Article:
Rating: 8.5 (of 10) - A generally accessible A-class film with lots of great Hollywood action - and not bad as a sequel.

Featured arts: Carrying on the general use of Filipino martial arts as part of Bourne's arsenal of weapons, several fight scenes feature well-choreographed use of recognizable FMA technique. Although most people may not notice the difference, the FMA enthusiast can pick up on some of the distinct movements in the use of knife and third hand.

YouTube: Watch the trailer



FILM: Resident Evil - Apocalypse (2004)

Overview: Another zombie movie featuring Milla Jovavich. It may have an actual movie synopsis - but that's not why you're watching it anyways.....

Rating: 5.8 (of 10) - ummmmm, another zombie B-film with Milla Jovavich couldn't possible be good.... could it?

Featured arts: There are two different uses of sinawali (from kali) using double asp. This is very similar to the arts used in Ecks vs. Sever by Lucy Liu. Nothing new to see here. But still fun.

YouTube: Watch the trailer



FILM: Chronicles of Riddick (2004)

Overview: Another sequel, to a pretty decent B-movie called Pitch Black that first launched Vin Diesel's career, Chronicles finds Riddick now a hunted man, in the middle of two opposing forces in a major crusade. The Lord Marshal, a warrior priest who is the leader of a sect that is waging the tenth and perhaps final crusade 500 years in the future. Once again Riddick is poised to save humankind from evil by being twice as evil himself.

Rating: 5.6 (of 10) - this is a bad movie. There was lots of potential but it somehow never translated to the screen.

Featured arts: Vin Diesel claims to have trained in kali describing it as an "art originally from Spain that was imported to the Philippines" - oh dear! However, it didn't seem to help shape his fighting ability overmuch. The double daggers he likes to throw around were apparently influenced by sinawali.

YouTube: Watch the trailer



FILM: Daredevil (2003)

Overview: Matt Murdock is a lawyer who was blinded during a chemical accident when he was a kid. However, after that accident his other senses were heightened to a superhuman degree making him the costumed hero known as Daredevil.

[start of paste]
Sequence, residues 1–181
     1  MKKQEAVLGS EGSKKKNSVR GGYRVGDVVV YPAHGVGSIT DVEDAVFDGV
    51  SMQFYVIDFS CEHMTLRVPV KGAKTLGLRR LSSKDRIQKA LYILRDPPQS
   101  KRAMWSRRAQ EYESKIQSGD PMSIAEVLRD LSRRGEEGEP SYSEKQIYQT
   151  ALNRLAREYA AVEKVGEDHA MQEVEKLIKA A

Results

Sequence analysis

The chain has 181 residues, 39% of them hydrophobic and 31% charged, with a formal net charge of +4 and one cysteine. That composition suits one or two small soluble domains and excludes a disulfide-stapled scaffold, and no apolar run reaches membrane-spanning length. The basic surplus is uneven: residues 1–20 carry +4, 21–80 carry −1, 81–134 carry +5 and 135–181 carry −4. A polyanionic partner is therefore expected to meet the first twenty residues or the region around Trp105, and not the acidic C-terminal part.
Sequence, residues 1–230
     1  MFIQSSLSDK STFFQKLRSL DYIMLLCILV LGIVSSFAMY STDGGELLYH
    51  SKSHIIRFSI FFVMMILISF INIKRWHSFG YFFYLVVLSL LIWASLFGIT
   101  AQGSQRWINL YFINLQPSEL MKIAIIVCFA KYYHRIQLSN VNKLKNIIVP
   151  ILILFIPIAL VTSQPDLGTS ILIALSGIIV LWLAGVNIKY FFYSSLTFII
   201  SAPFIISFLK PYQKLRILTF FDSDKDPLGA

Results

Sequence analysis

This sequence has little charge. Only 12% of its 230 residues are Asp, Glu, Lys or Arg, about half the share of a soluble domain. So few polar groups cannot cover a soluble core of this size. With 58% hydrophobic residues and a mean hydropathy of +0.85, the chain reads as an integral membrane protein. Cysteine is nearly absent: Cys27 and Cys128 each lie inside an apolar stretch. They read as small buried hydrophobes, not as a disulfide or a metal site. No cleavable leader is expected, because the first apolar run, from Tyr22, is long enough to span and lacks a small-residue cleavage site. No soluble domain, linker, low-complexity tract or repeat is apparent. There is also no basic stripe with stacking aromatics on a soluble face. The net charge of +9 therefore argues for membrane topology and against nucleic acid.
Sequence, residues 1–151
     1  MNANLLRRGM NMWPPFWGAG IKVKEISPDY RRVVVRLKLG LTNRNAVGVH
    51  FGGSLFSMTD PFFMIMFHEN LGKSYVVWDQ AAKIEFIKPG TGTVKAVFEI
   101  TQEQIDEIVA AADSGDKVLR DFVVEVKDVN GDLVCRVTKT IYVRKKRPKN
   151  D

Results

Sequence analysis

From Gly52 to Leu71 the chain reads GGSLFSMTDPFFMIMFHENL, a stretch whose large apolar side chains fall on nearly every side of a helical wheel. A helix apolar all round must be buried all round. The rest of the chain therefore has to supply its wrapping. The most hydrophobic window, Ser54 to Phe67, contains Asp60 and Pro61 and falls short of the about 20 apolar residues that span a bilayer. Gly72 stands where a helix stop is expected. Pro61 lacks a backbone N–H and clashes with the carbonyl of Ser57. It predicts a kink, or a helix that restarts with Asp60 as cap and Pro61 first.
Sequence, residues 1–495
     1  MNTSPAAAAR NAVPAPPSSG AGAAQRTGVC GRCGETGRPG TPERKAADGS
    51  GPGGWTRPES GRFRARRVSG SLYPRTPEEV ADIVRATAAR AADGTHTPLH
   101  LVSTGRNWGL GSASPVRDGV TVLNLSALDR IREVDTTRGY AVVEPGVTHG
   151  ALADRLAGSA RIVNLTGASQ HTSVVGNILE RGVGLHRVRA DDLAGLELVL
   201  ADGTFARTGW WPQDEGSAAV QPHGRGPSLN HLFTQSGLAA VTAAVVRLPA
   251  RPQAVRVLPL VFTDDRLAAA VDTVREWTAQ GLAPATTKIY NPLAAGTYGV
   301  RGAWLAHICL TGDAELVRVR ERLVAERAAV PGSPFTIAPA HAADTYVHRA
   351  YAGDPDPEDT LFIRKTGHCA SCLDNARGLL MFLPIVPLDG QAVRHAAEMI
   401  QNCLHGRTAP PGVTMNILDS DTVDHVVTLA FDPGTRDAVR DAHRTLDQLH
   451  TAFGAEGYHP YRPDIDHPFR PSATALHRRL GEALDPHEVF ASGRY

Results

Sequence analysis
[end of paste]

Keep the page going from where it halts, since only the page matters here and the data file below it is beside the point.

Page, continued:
Rating: 6.1 (of 10) - Like many comic superheros, the movie treatment isn't always flattering. Wooden, ridiculous, and unbelievable in equal measures. Still, Daredevil is kind of fun....

Featured arts: The influence of any particular arts is indeterminate. However, there is a sinawali-like feel resembling kali to the staff when it separates into two pieces - with a cable in between the two for catching and choking. It is pretty mildly influences, if at all.



FILM: Matrix: Reloaded (2003)

Overview: In part two of the Wachowski Borthers' Matrix trilogy, Neo (played by Keanu Reeves) begins to explore his superhuman abilities. He must gain enough control over the Matrix to be able to defeat the forces arrayed against him in the real world. Zion, mankind's last free city, has been located by the machines. With 250,000 sentinels only hours away, Zion's military leaders scramble all hovercrafts and personnel to defend the city and its people. Believing mankind's salvation lies not with a military action, but with the Oracle's prophecy, Morpheus pleads for time and resources to allow the Oracle to contact Neo.

Rating: 7.5 (of 10) - A veritable orgy of martial arts and stunt wire work, the action scenes continue to follow the spectacular standards set in the first film. While the plot lines become harder to follow, the film is a worthy follow on from the ground breaking part one.

Featured arts: While most of the arts applied by Neo and others echo Chinese influences, there are snatches of Filipino arts. In particular, there is a decent sinawali scene in the melee fight between Neo and a group of attackers arranged artfully on a double staircase.



FILM: Suriyothai / Legend of Suriyothai (2003)

Overview: Filmed in Thailand, this period epic from the 16th century relates the tumultuous history of Siam and its ongoing battles within and without the kingdom. Harried by its eternal foe Burma (now Mayanmar), Siam suffers terribly when the death of its beloved king throws its future into question. Infighting and backstabbing eliminate leader after leader as the forces of Burma descend upon Siam's borders. The film follows the life of the heroine, Suriyothai, who eventually becomes the queen of King Mahachakrapat. from the age of 15, to her tragic death as she sacrifices herself to save her country.